Vertigo Theatre productions are uprooting from Manchester to London. In the 13 years since Craig Hepworth and Karl Burge launched themselves onto the Manchester fringe scene, they have been partly responsible for dragging fringe out of the darkness and into the mainstream with their imaginative set designs and deft direction.

When their first show, 3Sum, premiered at Taurus bar in 2007, little did Craig Hepworth realise he would become one of the most sought after directors on the Greater Manchester fringe circuit. In the years since, he has directed, produced and written some of the most challenging works ever seen on the fringe circuit in the UK, including productions of off-Broadway and Tony-nominated hits by such writers as Charles Busch.

Although they are now staying put physically in Manchester, all productions are now going to be London and Southern-based with tours around the UK. Asked why not move to London (which was the original intention) Craig is very open.

“It’s a two-hour train ride to London from here, I can still do everything I want to do, plus be able to spend time on the train doing rewrites, planning scenery with Karl and turn the commute into something more productive.

“I am very disciplined like that.”

Having sold out venues across Greater Manchester and won numerous awards as part of the Greater Manchester Fringe, London is the next logical step. It’s not an easy move by any means, but Vertigo has never been afraid to take chances, either with the productions or their casting.

Their 2016 play “Black Ice” was called “Ambitious and a disturbing, moving play” by the Manchester Theatre Awards. They have been nominated for Best Fringe/Regional production for OUT! at the Broadway World Awards, Best Fringe/Regional production for MYSTERIOUS SKIN at the Broadway World Awards, Best Fringe/Regional production for PORNO CHIC at the Broadway World Awards and have won Best Play and Best Fringe Production at MTA awards for Watching Goldfish Suffocate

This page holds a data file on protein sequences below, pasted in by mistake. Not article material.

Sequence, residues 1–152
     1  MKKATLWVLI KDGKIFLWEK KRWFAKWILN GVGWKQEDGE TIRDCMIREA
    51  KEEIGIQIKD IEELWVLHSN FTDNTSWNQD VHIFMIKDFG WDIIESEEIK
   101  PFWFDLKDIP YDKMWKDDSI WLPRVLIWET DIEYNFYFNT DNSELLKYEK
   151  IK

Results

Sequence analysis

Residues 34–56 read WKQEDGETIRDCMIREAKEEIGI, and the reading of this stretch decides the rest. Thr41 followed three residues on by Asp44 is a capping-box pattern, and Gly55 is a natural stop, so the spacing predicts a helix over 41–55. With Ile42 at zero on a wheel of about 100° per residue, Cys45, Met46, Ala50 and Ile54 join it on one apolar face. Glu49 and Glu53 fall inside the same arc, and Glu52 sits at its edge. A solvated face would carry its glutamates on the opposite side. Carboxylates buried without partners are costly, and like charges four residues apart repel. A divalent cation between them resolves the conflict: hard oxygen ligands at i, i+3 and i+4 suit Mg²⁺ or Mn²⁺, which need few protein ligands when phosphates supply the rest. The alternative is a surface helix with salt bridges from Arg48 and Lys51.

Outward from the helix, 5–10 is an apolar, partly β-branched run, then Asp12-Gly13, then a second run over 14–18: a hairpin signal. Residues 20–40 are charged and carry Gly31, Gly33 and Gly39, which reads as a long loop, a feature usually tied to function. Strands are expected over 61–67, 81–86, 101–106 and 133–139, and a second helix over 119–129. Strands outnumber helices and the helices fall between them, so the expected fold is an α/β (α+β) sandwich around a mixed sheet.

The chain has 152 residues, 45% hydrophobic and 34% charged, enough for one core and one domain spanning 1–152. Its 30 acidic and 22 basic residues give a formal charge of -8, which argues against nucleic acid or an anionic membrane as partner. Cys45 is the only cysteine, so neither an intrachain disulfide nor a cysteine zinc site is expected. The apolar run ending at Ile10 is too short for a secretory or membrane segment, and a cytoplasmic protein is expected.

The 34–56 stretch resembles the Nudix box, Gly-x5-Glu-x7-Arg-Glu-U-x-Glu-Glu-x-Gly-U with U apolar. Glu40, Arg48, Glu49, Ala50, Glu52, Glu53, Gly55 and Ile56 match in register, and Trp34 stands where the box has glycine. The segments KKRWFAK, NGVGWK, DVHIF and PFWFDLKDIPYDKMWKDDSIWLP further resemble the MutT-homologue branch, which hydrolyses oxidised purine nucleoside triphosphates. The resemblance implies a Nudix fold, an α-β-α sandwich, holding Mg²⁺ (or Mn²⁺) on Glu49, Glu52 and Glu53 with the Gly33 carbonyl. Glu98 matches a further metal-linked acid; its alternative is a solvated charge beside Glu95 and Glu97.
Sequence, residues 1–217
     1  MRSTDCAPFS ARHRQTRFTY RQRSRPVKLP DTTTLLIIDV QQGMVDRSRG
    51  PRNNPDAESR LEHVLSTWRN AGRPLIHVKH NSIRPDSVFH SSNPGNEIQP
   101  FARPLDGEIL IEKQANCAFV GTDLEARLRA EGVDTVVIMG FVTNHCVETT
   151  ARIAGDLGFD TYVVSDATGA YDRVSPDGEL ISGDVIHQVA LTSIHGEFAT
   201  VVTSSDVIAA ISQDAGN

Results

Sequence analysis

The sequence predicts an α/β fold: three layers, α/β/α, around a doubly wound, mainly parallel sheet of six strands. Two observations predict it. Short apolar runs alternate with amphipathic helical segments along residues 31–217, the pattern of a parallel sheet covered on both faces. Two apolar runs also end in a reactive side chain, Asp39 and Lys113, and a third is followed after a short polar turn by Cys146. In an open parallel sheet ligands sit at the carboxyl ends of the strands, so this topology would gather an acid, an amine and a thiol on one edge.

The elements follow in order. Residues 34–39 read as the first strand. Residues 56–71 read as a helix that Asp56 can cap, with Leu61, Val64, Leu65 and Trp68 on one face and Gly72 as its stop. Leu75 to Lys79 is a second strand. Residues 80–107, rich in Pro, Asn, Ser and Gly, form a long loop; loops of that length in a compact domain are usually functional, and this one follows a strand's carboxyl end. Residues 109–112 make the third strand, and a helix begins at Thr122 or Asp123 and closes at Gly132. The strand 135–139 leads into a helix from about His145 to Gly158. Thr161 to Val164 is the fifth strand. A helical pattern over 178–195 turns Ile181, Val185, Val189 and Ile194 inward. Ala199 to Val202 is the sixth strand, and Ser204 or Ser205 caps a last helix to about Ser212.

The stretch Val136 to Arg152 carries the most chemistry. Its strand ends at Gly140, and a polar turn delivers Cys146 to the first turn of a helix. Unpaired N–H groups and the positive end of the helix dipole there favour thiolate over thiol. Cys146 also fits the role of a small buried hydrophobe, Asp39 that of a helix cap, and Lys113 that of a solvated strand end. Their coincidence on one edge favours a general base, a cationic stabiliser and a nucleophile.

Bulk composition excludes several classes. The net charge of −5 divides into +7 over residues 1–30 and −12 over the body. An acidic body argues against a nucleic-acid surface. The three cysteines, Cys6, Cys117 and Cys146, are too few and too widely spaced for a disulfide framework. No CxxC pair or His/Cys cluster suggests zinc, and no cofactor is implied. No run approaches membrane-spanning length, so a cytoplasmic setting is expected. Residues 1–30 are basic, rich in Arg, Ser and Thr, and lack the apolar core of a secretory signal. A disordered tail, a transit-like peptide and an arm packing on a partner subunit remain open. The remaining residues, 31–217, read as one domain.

The company took time out of the GM Fringe in 2018 and 2019, not to recharge their own batteries, but to watch what everyone else was doing, and then improve their own output. With their revival of Die, Mommie, Die! they went all out on every aspect, even casting reality TV star Alex Reid in one of the main roles. Playing to packed houses in both Salford and Highgate village, London, it showed the scope of Vertigo to expand beyond the traditional Fringe and into pastures new.

“I’ve never met anyone as driven to perfection as Craig.” said writer and actor Danny Clifford.

“He pushes his cast to be the best that they can be in each role. He’s a very competent director and an incredible writer as well, one of the toughest people I’ve worked with.”

Their final Manchester-based production, Exam, closed to 5* reviews in November of 2019, and hits the road in February of 2020 and tours until August, followed by a new and immersive version of their hit Noir in November.

One actress who owes her career to Vertigo taking a chance on her is former model Emma Morgan. Having only had a few acting lessons when she was cast in Murder She Writes as Betty, It was obvious to her that Craig was going to be not only a tough taskmaster but also a father figure who was keen to help her develop her talents.

“I don’t know what it was Craig saw in me, but his encouragement and guidance have meant so much to me.

“No matter what the show, he really pulls everybody together as a family during rehearsals.”

Noir
Vertigo playbill for Noir

I asked her what made Craig such a hard taskmaster and why so many actors wanted to work with him.

“He can be a bit of a diva at times, and he’s not the easiest to work with, but it’s worth it in the long run. He pours his heart and soul into every word on the page and can be sometimes working on 5 or 6 plays at the same time in different ways, but the moment you are in a room with him, he’s driven to succeed, and he pushes you to be better.